“I want to take responsibility and accountability for trying to be transparent,” said Rose Watkins.

    At least the public will know what to expect, especially if the IRSD needs to plan for another referendum in four or five years, which Jan Steele recommends.

    Previously, it seemed that only one person truly understood the whole budget, but Jan Steele is teaching everyone in the IRSD administration to better understand finances.

    The school board is likely to approve the preliminary budget at their Aug. 28 board meeting. The final budget will be approved when enrollment numbers are finalized later in autumn.

    But the IRSD Finance Committee (which includes mostly administrators, but is open to the public) still has work to do. The State cut school budgets, and the IRSD has only eliminated $800,000 of the total $2 million they have to cut.

    While most federal funding is based on low-income populations, state funding is based on enrollment. Currently, the IRSD has about 10,500 students, but Steele anticipates up to 10,800 students this year.

    State funding is based on the Sept. 30 head count. All students, but especially those with special needs or IEPs, are especially being encouraged to enroll before Sept. 30 so that the IRSD gets enough funding to properly serve them.

    Local money is based on property taxes. The rates are set in July, and bills were mailed in August and are due in September. The IRSD will get most of its revenue in October, with late and delinquent funds trickling in year-round.

    The committee briefly debated why the district is moving $5 million in funds into its reserves when teachers were asked to delay buying classroom supplies. But the IRSD has drained its reserves in just a few years, due to enrollment increases, special programs, salary negotiations, unexpected construction overages and more.

    Currently, the rainy-day reserve fund only has about $3 million.

    “Payroll is $1.2 million every two weeks,” Jan Steele said. In an emergency, the reserve fund would only pay staff for about a month.

    “I have slashed budgets. We went to our employee groups and renegotiated contracts with our teachers and secretaries. … We have to have that $5 million carryover,” Jan Steele said. Moreover, she said, the State “told us this year to plan for the same next year … another $2 million [cut].”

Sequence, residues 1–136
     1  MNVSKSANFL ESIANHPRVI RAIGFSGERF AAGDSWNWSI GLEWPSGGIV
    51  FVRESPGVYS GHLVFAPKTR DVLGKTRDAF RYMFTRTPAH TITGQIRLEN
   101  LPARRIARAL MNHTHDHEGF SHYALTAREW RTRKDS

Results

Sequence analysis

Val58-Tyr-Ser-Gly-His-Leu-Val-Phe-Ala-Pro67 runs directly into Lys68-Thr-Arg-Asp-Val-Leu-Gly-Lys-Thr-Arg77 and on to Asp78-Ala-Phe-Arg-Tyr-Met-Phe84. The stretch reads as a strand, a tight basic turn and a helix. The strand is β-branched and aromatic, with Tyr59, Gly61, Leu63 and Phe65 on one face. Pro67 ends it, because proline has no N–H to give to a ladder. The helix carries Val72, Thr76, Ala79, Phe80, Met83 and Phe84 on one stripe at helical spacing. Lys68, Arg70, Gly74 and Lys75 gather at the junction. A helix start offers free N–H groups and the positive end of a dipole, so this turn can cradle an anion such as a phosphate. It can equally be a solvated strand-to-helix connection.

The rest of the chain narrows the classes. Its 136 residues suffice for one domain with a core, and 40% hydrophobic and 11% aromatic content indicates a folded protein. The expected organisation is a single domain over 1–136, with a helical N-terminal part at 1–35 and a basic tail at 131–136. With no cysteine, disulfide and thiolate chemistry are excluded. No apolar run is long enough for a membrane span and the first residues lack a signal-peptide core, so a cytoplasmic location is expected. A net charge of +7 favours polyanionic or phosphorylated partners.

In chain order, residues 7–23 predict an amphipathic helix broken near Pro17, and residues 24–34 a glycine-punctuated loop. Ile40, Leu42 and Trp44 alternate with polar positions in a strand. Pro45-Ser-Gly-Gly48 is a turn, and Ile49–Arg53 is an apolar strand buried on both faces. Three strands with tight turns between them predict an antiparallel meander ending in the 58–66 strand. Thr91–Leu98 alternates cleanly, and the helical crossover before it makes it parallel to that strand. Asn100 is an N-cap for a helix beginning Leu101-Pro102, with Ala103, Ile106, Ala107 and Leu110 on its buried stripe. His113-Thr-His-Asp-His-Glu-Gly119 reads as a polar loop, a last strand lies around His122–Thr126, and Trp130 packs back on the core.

If the IRSD couldn’t meet its summertime financial obligations until the October deposit, they would risk a State takeover. Jan Steele said she’s been on “pins and needles” to get the district to that deadline, but it will still be tight. This should be IR’s fiscally tightest year, and they plan to rebuild the reserve to $15 million by 2020.

    “We’re going to make darn sure we’re financially secure,” Mark Steele said, and if his business director advises more savings, he’s going to do it. This year, the goal has been to cut — but not eliminate — programs, although it’s been a painful process.

    The committee brainstormed ways to better educate the public, including with social media. The superintendent has allowed principals to use Facebook Live for communicating with their schools, and he personally is planning several broadcasts this year.

    Members of the public are already sharing concerns with committee members, such as teacher frustrations over school supplies. Jan Steele clarified that schools just got the OK to buy the bare necessities this month but will wait until October to stock up for the year.

    Committee member Chris White questioned whether that was properly advertised to teachers who are at least in some cases frantically buying supplies out of their own pockets and through public donation wish lists. The group discussed ways to further streamline supply purchases.

    Committee member Justen Albright suggested creating a development office to solicit and manage large donations. If Mountaire regularly donates to IRSD’s low-income student programs, and Schell Brothers gave Sussex Academy a swimming pool, there may be room for the IRSD to more actively seek public partnerships.

    That’s especially true when considering industries, such as the poultry industry, that are contributing to the influx of workers (and thereby, children) in the districts, and who may also want good schools to attract executives to the Eastern Shore. Indeed, the Seaford School District wanted for nothing when DuPont was headquartered there, Steele mused.

    The Citizens Budget Oversight Committee includes Albright, Gary Brittingham, Morley Daehn Jr., Kathleen Evans, Greg Goldman, Linda Lewis, Dave Marvel, Austin Short, Rose Watkins and White. They will be joined by Superintendent Mark Steele and Director of Business Jan Steele.

    This year, the committee will meet quarterly, at 6 p.m. on Tuesdays, Oct. 17, Jan. 16, April 17 and July 17. Meetings are open to the public and will be held at the Indian River Educational Complex, 31 Hoosier Street, Selbyville.

    The fiscal year began on July 1. The draft budget is online at (Select “Aug. 28, 2017,” then select item 8.05 “FY 2018 Budget.” The document includes a glossary of terms.

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  • 08/25/17--14:20: ‘It’s mystical’